Died October 17
By: Legacy Staff
11 months ago
Tennessee Ernie Ford is known best for his 1955 country hit, "Sixteen Tons," but there was a lot more to his career in entertainment, which spanned more than 50 years. During that time, he released more than 100 albums of country and gospel music, sold more than 90 million records, and hosted a prime-time variety show on NBC for five years. He was inducted into the Country Music Hall of Fame in 1990, a year before his death. We remember Ford’s life today as well as the lives of other notable people who died this day in history.
Though he was the lead singer of the Four Tops, his name isn’t as well-known as those of others who have fronted Motown acts, like Smokey Robinson or Diana Ross. The reason is not that Stubbs was uncharismatic or unable to handle fame – it was that he chose not to overshadow his bandmates. Over the years, he declined to take top billing and turned down several offers at a lucrative solo career. Read more
He was the master of ceremonies during President John F. Kennedy’s inaugural ball, he starred in all of the Rat Pack films, including "Ocean’s Eleven," and he played an integral, if often unappreciated, part in scripting some of the group’s wittier banter. Read more
Brewer had scores of hits in the 1950s and a burgeoning film career, but pared down her public life to raise her children. She re-emerged a decade later to perform with jazz greats Duke Ellington, Dizzy Gillespie, and Wynton Marsalis.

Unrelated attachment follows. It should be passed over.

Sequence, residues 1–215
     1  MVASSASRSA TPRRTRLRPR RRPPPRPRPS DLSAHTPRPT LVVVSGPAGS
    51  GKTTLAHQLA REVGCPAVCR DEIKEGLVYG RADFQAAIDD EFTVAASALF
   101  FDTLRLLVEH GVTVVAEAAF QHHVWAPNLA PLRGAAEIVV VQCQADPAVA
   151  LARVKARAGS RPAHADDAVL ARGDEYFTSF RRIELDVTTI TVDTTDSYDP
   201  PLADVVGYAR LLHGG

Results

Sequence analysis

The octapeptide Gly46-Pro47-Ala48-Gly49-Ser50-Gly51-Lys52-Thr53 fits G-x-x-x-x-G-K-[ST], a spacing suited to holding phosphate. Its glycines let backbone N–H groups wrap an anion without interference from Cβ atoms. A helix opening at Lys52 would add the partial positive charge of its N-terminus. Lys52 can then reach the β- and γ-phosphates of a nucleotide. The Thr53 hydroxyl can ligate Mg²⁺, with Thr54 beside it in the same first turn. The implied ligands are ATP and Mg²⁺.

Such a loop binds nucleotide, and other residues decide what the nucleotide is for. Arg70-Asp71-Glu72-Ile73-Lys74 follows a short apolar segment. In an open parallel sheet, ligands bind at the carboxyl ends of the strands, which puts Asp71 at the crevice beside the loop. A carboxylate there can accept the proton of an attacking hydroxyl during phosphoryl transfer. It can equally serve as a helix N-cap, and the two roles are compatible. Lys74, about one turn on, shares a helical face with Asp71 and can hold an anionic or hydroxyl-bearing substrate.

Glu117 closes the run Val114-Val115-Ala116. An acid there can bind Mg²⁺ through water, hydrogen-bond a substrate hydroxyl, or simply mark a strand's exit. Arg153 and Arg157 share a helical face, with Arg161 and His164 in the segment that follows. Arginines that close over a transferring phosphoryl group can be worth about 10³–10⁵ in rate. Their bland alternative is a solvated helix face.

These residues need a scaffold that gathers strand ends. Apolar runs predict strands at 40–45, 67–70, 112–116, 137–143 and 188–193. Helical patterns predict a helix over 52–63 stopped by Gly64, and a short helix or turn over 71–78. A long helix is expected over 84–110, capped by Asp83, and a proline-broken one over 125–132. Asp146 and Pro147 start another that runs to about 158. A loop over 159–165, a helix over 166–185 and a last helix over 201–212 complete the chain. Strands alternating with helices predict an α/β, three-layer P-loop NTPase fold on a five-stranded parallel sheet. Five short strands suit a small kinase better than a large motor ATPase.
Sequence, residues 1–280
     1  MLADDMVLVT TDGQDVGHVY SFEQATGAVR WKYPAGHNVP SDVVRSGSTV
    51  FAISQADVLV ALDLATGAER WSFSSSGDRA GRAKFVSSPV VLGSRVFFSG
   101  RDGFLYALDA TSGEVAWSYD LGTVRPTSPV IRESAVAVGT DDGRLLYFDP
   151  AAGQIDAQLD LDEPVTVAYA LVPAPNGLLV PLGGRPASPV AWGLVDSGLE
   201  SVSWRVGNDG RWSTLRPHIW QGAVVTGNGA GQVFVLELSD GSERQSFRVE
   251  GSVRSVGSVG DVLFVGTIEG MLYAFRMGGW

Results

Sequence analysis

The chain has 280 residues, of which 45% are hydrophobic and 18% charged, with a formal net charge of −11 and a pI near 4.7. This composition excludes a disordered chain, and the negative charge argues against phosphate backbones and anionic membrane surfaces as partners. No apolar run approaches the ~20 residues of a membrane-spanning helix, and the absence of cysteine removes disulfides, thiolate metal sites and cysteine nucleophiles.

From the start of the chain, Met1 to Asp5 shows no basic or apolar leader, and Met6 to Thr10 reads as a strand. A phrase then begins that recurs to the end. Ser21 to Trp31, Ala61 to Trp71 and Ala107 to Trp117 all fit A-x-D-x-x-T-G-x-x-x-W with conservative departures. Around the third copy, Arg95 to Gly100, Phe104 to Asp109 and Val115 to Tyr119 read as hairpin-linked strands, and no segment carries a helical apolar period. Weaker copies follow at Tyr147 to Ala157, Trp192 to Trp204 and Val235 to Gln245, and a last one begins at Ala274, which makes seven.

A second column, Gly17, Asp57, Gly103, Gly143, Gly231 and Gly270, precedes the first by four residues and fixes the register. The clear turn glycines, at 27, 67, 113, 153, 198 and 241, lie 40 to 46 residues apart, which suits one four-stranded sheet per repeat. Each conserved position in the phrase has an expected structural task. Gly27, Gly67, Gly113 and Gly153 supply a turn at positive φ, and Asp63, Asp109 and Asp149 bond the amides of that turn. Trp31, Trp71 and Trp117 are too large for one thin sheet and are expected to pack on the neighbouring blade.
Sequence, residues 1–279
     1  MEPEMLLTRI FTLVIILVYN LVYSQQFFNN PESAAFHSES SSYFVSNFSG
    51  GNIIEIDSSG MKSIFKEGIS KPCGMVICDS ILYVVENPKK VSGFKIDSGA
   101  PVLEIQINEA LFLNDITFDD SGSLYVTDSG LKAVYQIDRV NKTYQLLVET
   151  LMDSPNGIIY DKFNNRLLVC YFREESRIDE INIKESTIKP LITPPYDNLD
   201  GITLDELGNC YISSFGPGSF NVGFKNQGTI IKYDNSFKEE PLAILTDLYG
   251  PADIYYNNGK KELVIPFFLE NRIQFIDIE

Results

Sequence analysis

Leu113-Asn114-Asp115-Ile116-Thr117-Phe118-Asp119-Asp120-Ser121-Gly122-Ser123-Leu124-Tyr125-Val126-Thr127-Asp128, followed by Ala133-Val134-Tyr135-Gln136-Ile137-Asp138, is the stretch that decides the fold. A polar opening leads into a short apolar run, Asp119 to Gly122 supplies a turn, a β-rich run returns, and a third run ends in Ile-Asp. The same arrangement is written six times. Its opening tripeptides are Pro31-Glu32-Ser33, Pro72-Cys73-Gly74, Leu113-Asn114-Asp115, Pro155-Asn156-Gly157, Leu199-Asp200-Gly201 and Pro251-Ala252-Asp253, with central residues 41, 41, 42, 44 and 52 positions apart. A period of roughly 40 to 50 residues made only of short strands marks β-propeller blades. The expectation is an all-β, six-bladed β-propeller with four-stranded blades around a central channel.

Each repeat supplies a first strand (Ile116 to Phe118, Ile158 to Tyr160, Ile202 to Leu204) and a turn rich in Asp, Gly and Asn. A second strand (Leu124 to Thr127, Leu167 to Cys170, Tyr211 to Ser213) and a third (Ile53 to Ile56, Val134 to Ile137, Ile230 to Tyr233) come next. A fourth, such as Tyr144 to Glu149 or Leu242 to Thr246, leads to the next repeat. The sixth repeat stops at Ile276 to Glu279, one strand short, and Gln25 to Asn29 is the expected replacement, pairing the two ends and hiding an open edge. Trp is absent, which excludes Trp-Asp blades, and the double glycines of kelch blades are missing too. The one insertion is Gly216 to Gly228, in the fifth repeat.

''She was just a wonderful, lovely lady,'' said Bill Munroe, a longtime family friend, according to her obituary by The Associated Press. ''Her career was always a hobby with her; her family always came first. She always considered her legacy not to be the gold records and the TV appearances, but her loving family.'' Read more
It was Glenn who anchored the Jan. 28, 1986, launch of the doomed shuttle Challenger and delivered an anguished commentary as the spacecraft exploded shortly after liftoff, according to his obituary by The Associated Press.
“This flight, which was to have been such a bright chapter in the history of the manned space flight program, turning in the flash of an instant into a terrible, terrible tragedy,” he said. Read more
2002: Derek Bell, Irish harpist and pianist who was a member of the Chieftains, dies of cardiac arrest at 66.
2001: Jay Livingston, U.S. songwriter whose songs include "Mona Lisa," "Whatever Will Be, Will Be (Que Sera, Sera)," "Silver Bells," and the themes for "Bonanza" and "Mr. Ed," dies at 86.
While most of the hottest artists of his day were singing strings-heavy pop or the earliest rock 'n' roll songs, Ford gave us a stripped-down arrangement of a coal mining song – and he dominated both the country and pop charts with it.
That song was "Sixteen Tons," and Ford’s 1955 version of it held the No. 1 spot on both charts for several months. Read more
1984: Alberta Hunter, U.S. blues singer and composer first successful in the 1920s who came out of retirement in her 80s and toured Europe and South America, dies at 89.
1979: S.J. Perelman, U.S. humorist, author, and screenwriter who wrote for The New Yorker and co-wrote "Around the World in 80 Days," dies at 75.
1972: Billy Williams, U.S. musician and lead singer of the Charioteers, dies at 61.
1910: Julia Ward Howe, U.S. abolitionist and women’s rights activist who wrote the lyrics to the "Battle Hymn of the Republic," dies of pneumonia at 91.
1849: Frederic Chopin, Polish composer and Romantic-era virtuoso pianist, dies of tuberculosis at 39.